The Elderly and Driving: When Is It Time to Hit the Brakes?


Prince Philip, age 97, of Great Britain, was recently in a car accident prompting reflection in the UK and beyond about when an aging driver should stop driving. Follow our link to the New York Times article, The Elderly and the Driving: When is it Time to Hit the Brakes?” for different strategies regarding how to address surrendering car keys with elderly family member. Read More.

The Elderly and Driving: When Is It Time to Hit the Brakes?

By NY Times

Prince Philip, the 97-year-old husband of Queen Elizabeth II of Britain, overturned his Land Rover on Thursday in a car crash on a rural road north of London. He was unhurt; two women in an oncoming minivan suffered scrapes and a broken wrist.

It’s not known exactly what happened or who was at fault. The prince told police officers at the scene that he was momentarily blinded by the sun while pulling onto a main thoroughfare.

The incident has prompted some reflection in Britain about when an aging driver ought to consider surrendering the car keys. Sound familiar? The question has long tormented families everywhere.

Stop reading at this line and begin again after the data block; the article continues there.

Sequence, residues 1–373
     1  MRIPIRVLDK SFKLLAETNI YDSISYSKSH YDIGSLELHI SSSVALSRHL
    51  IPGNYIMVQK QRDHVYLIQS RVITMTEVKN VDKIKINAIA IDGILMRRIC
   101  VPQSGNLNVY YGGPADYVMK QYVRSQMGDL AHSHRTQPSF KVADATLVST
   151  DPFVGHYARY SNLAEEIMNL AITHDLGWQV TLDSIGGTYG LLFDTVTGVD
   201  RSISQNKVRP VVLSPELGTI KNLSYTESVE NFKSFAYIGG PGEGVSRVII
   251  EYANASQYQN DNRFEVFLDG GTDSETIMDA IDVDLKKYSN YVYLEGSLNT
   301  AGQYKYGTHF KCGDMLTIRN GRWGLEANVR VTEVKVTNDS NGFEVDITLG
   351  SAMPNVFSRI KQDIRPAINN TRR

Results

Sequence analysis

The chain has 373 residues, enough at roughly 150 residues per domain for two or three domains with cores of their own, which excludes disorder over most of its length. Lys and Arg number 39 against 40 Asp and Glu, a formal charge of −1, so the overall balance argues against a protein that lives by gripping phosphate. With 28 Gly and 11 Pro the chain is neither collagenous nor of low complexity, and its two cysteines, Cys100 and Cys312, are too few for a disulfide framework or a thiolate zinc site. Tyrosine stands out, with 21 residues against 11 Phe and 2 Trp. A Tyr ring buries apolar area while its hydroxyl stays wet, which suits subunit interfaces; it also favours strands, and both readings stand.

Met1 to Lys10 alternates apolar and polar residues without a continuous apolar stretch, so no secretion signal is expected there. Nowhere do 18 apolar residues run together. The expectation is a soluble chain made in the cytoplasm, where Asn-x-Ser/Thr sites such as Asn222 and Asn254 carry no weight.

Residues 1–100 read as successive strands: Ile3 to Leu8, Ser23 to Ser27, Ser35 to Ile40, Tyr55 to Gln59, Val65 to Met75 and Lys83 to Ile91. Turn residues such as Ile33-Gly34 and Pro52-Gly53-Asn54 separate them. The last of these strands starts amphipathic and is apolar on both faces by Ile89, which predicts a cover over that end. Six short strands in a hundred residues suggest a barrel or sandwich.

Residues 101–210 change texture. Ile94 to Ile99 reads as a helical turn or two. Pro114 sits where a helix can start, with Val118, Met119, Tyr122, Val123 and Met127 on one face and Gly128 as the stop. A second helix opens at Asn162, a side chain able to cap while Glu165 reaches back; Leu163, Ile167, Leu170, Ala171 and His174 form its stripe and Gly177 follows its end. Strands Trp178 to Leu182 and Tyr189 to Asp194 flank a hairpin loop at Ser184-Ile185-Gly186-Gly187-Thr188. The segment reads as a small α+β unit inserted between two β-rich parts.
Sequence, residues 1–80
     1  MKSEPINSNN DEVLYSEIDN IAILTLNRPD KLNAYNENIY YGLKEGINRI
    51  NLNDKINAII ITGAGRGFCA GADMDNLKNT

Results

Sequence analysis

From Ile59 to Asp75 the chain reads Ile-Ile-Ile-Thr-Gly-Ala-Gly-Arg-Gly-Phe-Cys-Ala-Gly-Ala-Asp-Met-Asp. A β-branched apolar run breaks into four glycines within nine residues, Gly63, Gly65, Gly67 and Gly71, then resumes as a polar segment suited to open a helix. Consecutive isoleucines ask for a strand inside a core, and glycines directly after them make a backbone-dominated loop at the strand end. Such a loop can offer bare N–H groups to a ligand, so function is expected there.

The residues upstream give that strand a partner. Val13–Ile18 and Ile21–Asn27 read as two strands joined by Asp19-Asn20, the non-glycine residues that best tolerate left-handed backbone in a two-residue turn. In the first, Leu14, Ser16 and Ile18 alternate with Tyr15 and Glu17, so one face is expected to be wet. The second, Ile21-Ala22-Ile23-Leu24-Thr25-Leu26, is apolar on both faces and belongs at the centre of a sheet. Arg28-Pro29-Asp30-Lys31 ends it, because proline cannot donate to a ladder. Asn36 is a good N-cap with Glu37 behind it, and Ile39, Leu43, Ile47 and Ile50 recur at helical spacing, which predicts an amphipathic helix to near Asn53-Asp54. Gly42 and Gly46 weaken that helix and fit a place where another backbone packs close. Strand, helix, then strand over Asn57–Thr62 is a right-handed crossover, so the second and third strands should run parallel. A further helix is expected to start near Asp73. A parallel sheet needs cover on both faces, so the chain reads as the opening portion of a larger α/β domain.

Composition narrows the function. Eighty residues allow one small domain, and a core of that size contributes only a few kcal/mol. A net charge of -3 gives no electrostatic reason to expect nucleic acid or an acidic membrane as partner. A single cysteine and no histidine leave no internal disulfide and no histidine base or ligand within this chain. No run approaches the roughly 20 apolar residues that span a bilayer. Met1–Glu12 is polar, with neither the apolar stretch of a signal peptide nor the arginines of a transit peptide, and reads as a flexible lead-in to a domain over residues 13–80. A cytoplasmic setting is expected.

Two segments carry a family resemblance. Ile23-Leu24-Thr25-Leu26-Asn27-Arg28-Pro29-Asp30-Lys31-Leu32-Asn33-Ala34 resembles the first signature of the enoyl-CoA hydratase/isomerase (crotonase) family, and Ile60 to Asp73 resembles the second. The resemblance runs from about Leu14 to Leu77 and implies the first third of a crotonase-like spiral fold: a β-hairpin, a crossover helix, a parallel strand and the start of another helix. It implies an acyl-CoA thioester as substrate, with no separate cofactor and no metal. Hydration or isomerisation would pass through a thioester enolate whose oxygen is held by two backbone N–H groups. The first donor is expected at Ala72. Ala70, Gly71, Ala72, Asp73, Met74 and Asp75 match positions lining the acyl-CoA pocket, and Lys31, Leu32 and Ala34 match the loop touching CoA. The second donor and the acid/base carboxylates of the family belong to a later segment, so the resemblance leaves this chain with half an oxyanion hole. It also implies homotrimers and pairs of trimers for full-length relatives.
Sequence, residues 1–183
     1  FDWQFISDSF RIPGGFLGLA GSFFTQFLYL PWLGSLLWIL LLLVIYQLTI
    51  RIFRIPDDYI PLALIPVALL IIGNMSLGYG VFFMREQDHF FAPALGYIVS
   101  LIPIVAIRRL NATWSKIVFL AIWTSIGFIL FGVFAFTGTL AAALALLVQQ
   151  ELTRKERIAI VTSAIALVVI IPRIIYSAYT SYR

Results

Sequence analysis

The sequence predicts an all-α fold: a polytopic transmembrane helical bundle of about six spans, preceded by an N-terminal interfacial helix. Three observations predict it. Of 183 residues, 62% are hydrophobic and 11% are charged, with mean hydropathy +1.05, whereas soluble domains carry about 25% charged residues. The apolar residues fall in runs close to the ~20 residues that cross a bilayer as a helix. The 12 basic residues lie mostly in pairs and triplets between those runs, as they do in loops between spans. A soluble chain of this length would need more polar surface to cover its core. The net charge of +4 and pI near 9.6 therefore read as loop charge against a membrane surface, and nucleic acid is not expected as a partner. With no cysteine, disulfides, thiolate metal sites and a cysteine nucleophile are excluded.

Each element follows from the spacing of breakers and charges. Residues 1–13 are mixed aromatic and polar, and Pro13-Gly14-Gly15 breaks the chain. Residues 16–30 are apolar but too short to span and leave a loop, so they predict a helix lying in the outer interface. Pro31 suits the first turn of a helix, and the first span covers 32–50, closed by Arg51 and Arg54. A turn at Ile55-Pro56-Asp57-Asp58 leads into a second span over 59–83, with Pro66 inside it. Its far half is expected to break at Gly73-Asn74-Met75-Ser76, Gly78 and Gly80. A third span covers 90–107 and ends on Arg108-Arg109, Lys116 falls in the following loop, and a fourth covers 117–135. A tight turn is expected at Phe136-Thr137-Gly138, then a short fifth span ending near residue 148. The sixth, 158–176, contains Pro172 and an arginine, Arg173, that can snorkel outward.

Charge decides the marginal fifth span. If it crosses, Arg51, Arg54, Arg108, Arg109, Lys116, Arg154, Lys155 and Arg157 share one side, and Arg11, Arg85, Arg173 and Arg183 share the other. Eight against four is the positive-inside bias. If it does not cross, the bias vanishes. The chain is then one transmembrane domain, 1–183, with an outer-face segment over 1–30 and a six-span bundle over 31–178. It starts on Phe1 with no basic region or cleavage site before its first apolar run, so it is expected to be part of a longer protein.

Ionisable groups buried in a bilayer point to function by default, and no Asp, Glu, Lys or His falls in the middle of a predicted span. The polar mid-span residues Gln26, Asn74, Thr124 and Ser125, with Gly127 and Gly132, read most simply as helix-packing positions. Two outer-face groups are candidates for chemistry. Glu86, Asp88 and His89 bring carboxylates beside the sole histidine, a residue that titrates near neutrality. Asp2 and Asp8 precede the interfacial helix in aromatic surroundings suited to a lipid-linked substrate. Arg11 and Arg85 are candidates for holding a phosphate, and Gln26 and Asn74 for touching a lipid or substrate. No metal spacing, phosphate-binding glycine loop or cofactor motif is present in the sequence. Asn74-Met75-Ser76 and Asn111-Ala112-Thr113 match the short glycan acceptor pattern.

Over the years, reporters at The Times have written extensively about the thorny issues involved. Here are a few articles about a controversy that won’t be going away anytime soon.

The Car Key Conversation

Now I learn that the “car key conversation” is the one that caregivers dread most. Thirty-six percent of adult children polled by the website and the National Safety Council said that talking to their parents about the need to stop driving would be harder than discussing funeral plans (29 percent) or selling the family home (18 percent).

Should Doctors Stop Patients From Driving?

Alas, among the takeaways of the guidebook are the great difficulties physicians have at this fraught moment, and how much easier it would be for them if the decision did not involve them. As it is, physicians must wrestle with laws that vary by state on a variety of issues: if and how elderly drivers are assessed differently than younger ones; whether it is mandatory or optional for doctors to report their concerns; how they are supposed to go about it and strike the right balance between confidentiality and safety; and whether they risk legal liability if, on the one hand, they alert the state authorities or, on the other hand, they keep silent and a subsequent accident occurs. Continue Reading

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